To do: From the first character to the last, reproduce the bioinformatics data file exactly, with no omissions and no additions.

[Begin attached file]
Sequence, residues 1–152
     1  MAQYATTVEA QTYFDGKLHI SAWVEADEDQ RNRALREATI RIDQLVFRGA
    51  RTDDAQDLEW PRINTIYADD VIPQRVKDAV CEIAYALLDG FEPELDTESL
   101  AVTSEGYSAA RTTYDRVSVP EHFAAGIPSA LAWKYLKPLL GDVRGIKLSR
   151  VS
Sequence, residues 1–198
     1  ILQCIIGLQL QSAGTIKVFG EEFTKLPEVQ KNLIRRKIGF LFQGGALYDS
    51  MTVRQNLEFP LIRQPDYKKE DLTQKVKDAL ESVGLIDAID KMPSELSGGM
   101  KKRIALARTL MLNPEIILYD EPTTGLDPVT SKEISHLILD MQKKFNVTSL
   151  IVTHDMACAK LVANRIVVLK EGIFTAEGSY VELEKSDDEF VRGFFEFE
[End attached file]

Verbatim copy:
Sequence, residues 1–152
     1  MAQYATTVEA QTYFDGKLHI SAWVEADEDQ RNRALREATI RIDQLVFRGA
    51  RTDDAQDLEW PRINTIYADD VIPQRVKDAV CEIAYALLDG FEPELDTESL
   101  AVTSEGYSAA RTTYDRVSVP EHFAAGIPSA LAWKYLKPLL GDVRGIKLSR
   151  VS
Sequence, residues 1–198
     1  ILQCIIGLQL QSAGTIKVFG EEFTKLPEVQ KNLIRRKIGF LFQGGALYDS
    51  MTVRQNLEFP LIRQPDYKKE DLTQKVKDAL ESVGLIDAID KMPSELSGGM
   101  KKRIALARTL MLNPEIILYD EPTTGLDPVT SKEISHLILD MQKKFNVTSL
   151  IVTHDMACAK LVANRIVVLK EGIFTAEGSY VELEKSDDEF VRGFFEFE